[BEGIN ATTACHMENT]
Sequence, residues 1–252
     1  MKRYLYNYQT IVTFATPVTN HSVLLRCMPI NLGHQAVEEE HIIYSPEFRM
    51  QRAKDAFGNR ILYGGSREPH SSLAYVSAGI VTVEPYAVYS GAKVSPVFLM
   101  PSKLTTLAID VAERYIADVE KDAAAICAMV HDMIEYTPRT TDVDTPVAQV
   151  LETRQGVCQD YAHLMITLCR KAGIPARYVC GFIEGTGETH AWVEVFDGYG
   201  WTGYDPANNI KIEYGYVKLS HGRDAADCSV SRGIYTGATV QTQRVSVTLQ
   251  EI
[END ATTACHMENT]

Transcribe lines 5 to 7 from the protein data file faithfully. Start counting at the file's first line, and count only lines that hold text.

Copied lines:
   151  LETRQGVCQD YAHLMITLCR KAGIPARYVC GFIEGTGETH AWVEVFDGYG
   201  WTGYDPANNI KIEYGYVKLS HGRDAADCSV SRGIYTGATV QTQRVSVTLQ
   251  EI